The dramatic circumstances of the first public proclamation of the birth of the Messiah (Luke 2:8-14) could not have failed to impress the pilgrims who came to the Holy Land in the C4. They were anxious to see the spot where the angels appeared to the shepherds. In 384 in a valley near Bethlehem Egeria was shown the church called ‘At the Shepherds’; she reported ‘a big garden is there now, protected by a neat wall all around, and also there is a very splendid cave with an altar’. Arculf (670) adds that it was ‘about a mile to the east of Bethlehem’.
Today two sites near Bethlehem are pointed out as the Shepherds’ Field, one belonging to the Greek Orthodox, the other to the Roman Catholics. Both have been excavated.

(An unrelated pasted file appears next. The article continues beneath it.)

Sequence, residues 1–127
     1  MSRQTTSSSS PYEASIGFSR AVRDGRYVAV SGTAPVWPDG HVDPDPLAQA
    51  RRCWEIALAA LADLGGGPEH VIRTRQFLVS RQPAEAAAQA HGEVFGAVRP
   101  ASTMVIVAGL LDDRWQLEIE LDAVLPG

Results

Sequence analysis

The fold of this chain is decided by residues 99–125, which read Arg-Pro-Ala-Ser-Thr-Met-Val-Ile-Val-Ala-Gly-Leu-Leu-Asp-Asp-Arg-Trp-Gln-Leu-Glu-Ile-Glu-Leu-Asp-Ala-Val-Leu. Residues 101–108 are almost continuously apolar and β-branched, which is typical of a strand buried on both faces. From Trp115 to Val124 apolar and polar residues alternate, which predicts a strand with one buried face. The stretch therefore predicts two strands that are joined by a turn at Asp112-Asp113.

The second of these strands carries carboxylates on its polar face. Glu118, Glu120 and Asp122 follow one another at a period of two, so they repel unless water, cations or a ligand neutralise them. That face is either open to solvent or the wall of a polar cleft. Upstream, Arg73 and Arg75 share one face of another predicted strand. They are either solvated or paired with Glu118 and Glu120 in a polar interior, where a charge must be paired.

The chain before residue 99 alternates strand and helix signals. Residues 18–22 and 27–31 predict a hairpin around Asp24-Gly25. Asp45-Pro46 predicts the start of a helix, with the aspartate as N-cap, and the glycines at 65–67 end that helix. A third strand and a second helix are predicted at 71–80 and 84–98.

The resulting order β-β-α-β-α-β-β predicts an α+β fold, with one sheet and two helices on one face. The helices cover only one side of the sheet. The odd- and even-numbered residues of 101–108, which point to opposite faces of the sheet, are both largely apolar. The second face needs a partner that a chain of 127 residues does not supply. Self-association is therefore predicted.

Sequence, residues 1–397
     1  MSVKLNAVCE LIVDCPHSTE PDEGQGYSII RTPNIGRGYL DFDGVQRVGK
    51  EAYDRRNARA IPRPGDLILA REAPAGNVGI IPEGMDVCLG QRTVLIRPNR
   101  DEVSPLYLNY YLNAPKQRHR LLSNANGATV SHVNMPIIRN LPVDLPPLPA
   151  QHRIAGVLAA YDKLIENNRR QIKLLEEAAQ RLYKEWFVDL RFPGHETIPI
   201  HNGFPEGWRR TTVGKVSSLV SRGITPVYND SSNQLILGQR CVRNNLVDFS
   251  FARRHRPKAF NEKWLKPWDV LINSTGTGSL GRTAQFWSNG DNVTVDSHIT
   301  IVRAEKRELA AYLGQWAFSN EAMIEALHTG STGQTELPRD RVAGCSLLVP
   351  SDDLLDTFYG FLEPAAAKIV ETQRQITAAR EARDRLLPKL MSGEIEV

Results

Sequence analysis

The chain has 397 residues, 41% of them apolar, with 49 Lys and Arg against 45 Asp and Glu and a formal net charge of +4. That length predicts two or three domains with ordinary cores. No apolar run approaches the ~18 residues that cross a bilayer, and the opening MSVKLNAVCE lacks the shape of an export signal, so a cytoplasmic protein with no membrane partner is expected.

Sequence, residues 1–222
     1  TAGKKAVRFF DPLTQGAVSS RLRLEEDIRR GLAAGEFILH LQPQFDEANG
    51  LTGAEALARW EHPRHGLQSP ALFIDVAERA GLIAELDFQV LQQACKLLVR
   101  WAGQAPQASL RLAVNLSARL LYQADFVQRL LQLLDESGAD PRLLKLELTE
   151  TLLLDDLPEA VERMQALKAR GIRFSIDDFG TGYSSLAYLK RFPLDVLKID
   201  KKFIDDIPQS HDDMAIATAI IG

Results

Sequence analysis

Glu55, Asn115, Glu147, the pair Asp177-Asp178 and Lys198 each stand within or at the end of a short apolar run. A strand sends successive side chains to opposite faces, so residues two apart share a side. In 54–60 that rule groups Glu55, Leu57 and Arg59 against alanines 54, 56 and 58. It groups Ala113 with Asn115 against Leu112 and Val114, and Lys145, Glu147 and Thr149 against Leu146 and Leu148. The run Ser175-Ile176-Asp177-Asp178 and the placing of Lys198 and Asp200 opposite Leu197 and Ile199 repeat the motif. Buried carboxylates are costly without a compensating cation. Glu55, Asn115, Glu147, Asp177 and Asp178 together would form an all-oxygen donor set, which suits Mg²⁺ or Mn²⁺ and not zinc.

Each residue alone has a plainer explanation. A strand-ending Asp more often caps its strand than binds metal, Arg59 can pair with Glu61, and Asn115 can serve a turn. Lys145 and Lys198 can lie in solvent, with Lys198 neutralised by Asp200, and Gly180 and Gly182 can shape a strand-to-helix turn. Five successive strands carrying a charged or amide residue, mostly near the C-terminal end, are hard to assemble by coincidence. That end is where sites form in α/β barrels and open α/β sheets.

Khirbet Siyar el-Ghanem (Roman Catholic)
The Franciscans consecrated this site by the erection of a tent-like chapel in 1954. The ruins on the other side of the parking-lot from the chapel are from the Byzantine period. The first monastery was founded at the end of the C4 AD on a site occupied during the C1 AD by nomadic shepherds. The monastery was enlarged during the C6; the apse of the church being reconstructed with stones from the original polygonal apse of the Church of the Nativity at Bethlehem.
Source: The Holy Land by Jerome Murphy- O’Connor